3. Get out there. I'll admit it - I'm a coward. The internet has been wonderful and given me a way to reach out yet be safe and secure behind my computer screen, but it isn't enough. So I'm definitely off to BristolCon this year, and next year I intend to go to a lot more conventions and writing festivals. I have to. 

4. Entice the paranormal readers to the science fiction romance genre. Here I do think those of us who write SFR might actually have an advantage. Romance readers are a damn sight more tolerant and welcoming to our work than some of the SF crowd. And I repeatedly run into the thing of 'I don't read scifi but...' Scifi romance could also be the way to draw non-SF readers into the genre. 

5. Keep promoting and reviewing books. Also, I'm not just going to switch to reading books by women. Then I'll just look biased. I grew up reading SF by Asimov, Clarke and Simak, and by Anne McCaffrey and Octavia Butler. I love Neal Asher's books as much as I love Jaine Fenn's. So gender won't decide what I read and review (never did, but I'm a little more conscious of it now). 

6. Never give up - never surrender!

(And as a side note, I'd like to add that I did get to meet Jaine and speak to her. I made a bit of an idiot of myself, but at least now she can put a face to her Twitter stalker and avoid me at the SF conventions. :P She's lovely. Go read her books! And pick up Janet's too while you're at it. She's just become my daughter's most favourite author ever over Veronica Roth and Suzanne Collins, despite being a die-hard Hunger Games fan for the past year.)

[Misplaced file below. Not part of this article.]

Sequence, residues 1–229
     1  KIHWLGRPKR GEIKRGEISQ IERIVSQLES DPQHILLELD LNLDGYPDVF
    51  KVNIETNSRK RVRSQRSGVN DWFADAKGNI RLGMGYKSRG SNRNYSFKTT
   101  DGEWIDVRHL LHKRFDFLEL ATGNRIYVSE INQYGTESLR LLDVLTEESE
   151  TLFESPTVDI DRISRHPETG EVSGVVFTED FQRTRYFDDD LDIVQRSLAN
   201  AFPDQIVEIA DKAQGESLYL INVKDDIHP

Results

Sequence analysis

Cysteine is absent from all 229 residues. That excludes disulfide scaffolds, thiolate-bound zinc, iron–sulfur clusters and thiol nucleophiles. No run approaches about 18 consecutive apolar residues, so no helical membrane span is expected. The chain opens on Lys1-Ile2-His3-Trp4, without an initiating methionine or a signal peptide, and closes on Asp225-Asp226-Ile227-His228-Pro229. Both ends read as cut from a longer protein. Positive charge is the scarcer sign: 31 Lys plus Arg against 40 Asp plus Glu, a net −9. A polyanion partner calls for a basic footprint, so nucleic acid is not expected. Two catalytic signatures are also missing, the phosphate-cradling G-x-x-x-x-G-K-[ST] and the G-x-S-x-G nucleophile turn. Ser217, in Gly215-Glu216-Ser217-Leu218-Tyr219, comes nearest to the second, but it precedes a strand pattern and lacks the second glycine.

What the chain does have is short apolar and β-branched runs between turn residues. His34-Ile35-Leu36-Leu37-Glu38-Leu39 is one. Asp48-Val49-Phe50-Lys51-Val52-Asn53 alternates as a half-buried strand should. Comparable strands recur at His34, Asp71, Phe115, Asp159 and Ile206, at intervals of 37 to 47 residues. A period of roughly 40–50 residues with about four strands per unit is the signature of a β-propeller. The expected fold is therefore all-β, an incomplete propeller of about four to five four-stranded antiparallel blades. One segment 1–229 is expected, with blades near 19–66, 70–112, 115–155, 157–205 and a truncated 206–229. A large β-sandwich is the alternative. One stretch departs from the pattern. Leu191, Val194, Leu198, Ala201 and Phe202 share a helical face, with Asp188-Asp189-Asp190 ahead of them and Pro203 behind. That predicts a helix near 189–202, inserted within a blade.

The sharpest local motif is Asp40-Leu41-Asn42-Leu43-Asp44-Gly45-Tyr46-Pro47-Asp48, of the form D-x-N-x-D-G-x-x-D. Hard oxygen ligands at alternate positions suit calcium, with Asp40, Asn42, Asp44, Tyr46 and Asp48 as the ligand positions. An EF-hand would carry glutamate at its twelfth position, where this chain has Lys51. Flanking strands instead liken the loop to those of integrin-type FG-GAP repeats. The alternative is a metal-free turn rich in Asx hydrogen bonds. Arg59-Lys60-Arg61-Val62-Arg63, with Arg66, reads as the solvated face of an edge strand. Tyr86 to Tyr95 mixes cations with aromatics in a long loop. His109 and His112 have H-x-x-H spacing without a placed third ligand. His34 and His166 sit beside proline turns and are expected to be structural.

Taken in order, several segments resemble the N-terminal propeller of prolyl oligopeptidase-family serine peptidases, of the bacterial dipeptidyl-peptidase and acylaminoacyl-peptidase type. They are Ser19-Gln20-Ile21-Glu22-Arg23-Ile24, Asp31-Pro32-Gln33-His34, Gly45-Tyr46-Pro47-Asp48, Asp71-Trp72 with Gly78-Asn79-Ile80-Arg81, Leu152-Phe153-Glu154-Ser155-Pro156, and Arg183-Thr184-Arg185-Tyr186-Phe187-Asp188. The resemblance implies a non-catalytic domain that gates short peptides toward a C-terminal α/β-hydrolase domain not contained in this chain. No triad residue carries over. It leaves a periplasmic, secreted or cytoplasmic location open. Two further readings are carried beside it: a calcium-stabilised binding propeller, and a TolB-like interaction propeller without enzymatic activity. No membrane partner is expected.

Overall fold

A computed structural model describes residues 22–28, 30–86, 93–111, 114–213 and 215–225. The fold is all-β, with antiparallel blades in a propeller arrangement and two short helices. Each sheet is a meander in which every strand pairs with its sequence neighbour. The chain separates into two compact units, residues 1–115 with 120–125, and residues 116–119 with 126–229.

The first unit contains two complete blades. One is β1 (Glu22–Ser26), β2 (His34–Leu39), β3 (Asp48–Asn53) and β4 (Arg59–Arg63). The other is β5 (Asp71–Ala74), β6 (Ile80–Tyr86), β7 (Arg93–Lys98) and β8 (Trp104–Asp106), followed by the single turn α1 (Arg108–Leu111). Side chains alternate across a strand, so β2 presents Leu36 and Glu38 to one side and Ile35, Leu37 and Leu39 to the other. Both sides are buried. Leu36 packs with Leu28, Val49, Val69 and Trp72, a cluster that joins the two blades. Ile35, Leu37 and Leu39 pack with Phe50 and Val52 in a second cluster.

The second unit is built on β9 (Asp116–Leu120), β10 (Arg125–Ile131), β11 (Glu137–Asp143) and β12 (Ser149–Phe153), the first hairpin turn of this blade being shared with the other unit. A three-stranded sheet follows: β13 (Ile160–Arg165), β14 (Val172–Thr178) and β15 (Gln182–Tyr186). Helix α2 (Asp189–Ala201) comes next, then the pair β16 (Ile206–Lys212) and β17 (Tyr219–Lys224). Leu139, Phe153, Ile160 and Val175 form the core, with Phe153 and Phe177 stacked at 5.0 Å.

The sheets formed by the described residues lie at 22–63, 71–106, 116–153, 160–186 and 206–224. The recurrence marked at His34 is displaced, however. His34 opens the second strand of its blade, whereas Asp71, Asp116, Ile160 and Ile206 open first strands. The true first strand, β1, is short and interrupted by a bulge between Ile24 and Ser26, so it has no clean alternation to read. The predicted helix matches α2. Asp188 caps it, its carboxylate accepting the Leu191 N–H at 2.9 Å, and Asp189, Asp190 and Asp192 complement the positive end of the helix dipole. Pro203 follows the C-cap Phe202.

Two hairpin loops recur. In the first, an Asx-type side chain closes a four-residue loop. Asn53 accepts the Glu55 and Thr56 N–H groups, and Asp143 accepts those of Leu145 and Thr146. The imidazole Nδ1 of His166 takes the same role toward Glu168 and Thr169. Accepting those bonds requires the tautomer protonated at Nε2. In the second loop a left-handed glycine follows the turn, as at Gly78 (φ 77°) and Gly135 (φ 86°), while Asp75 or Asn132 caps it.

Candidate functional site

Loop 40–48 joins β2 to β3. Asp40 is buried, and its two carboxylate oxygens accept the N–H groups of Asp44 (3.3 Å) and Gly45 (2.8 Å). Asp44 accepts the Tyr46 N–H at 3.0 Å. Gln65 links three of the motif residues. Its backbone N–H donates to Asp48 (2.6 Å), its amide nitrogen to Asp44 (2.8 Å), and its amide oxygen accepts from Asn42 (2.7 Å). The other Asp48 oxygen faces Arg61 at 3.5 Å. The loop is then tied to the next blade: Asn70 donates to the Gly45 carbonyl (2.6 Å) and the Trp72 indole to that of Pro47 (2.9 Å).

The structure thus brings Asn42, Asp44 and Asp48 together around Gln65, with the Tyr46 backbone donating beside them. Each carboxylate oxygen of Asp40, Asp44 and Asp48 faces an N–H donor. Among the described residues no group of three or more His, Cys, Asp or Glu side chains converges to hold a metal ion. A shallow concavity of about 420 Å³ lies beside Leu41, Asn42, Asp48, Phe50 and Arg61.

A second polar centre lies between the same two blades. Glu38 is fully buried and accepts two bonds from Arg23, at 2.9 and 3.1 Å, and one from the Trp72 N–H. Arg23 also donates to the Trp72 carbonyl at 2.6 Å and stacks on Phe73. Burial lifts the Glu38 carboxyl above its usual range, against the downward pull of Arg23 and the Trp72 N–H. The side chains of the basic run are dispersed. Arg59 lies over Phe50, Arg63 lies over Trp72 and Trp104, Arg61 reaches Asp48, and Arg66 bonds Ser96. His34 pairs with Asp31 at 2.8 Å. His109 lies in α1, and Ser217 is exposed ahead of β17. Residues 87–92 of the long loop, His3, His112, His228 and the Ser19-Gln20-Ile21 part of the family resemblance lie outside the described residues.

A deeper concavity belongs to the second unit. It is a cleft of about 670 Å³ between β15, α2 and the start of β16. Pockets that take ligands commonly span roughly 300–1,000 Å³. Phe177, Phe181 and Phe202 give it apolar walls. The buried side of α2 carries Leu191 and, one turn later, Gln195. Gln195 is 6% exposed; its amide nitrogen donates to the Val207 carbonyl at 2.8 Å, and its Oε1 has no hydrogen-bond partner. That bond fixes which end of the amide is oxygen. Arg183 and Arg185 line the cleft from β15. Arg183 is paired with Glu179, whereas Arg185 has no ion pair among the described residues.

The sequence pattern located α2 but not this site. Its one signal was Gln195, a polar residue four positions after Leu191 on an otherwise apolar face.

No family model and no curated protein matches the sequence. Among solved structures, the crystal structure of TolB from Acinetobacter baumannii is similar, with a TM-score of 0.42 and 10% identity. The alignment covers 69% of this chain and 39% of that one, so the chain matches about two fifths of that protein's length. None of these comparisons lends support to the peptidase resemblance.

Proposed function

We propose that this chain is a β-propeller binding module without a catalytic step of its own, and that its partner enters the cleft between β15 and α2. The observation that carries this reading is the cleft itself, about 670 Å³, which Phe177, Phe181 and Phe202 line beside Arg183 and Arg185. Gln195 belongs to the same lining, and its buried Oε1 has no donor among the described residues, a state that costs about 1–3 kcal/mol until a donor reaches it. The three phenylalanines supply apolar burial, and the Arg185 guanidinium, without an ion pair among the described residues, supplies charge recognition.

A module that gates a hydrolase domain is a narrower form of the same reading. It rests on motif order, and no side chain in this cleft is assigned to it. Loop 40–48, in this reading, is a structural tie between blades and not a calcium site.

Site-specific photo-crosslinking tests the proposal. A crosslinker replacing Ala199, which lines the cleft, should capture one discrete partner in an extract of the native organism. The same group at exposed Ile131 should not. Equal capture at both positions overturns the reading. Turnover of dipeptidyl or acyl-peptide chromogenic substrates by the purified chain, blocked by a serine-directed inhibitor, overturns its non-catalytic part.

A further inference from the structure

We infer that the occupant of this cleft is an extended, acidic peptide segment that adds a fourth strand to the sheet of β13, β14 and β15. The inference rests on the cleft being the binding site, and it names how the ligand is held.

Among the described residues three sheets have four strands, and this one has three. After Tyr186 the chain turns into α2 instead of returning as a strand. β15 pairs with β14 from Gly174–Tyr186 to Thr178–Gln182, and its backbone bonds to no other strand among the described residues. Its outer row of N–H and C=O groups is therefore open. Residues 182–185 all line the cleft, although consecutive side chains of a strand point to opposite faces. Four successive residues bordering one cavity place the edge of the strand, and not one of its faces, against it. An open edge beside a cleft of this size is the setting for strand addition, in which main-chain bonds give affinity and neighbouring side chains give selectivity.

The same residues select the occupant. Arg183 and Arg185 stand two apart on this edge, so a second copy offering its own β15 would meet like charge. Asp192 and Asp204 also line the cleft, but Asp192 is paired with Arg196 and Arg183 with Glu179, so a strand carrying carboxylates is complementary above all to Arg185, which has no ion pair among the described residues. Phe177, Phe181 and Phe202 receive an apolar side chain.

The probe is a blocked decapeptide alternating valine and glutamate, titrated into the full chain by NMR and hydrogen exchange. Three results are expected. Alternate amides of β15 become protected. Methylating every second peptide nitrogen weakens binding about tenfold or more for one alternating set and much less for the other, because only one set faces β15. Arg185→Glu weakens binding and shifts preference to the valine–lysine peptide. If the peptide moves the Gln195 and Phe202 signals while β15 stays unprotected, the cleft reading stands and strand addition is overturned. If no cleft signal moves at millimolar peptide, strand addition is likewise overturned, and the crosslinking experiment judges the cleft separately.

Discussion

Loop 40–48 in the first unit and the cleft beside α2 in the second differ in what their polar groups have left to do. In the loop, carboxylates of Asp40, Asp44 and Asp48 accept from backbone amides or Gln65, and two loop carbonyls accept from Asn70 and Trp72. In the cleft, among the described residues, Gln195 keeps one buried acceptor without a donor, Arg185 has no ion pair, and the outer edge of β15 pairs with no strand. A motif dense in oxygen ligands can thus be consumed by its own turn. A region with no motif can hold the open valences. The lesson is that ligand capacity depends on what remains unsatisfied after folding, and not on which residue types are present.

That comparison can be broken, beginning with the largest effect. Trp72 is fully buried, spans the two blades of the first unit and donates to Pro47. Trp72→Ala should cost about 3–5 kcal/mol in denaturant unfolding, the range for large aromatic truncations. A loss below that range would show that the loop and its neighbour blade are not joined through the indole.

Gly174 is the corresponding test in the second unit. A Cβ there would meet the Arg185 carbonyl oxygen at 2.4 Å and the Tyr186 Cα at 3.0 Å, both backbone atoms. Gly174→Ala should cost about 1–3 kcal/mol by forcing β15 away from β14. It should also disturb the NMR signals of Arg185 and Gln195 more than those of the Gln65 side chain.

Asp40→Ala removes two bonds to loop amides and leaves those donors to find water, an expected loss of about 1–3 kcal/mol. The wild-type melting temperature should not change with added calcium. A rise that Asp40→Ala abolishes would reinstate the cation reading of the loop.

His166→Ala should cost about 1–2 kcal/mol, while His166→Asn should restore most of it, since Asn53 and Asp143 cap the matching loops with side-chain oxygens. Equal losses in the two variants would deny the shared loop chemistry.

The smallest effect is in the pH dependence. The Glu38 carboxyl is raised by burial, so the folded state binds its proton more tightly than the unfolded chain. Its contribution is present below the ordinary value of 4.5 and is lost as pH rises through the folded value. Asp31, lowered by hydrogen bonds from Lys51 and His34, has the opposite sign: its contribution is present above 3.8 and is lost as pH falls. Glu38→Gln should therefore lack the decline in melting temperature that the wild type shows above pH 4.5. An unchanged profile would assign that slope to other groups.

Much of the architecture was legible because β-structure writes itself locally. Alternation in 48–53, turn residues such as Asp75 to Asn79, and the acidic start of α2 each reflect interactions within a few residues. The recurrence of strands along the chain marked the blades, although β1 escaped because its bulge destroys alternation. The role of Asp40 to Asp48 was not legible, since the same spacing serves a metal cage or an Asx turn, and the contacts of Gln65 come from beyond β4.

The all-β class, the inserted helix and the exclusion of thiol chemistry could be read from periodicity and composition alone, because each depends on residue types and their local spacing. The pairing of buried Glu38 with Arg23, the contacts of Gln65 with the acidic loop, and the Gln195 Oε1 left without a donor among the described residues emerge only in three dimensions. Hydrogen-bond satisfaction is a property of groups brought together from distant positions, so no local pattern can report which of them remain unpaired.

(and we're not going to go away).


  1. My influences are reprobate Heinlein, trans-something LeGuin, and surprise Norton. There is something in each to bring forward the SFR message. Heinlein, in his later years, struggled with the issue of gender, and tried, hard to understand what gender had to do with SciFi. LeGuin hit it head on, with both openly and subliminally trans themes. Norton, the most subtle, wrote to the male adolescent, teaching that there was more to life than male-testosterone existence.

    Yes, the female is not assumed to be SciFi, but you can go back 40 years to see that she has always been with us.

  2. >Publishers says women submit less.

    Another factor that obscures the true numbers is that women are writing spec fic in other genres (e.g., romance) or in other genres altogether because the main SF doors are mostly shut to them.

    >I'm not just going to switch to reading books by women.

    One thought: it might help, in the long run, to *buy* the women-authored books we intend to read even if it means adjusting our budgets by borrowing the male-authored books on our lists.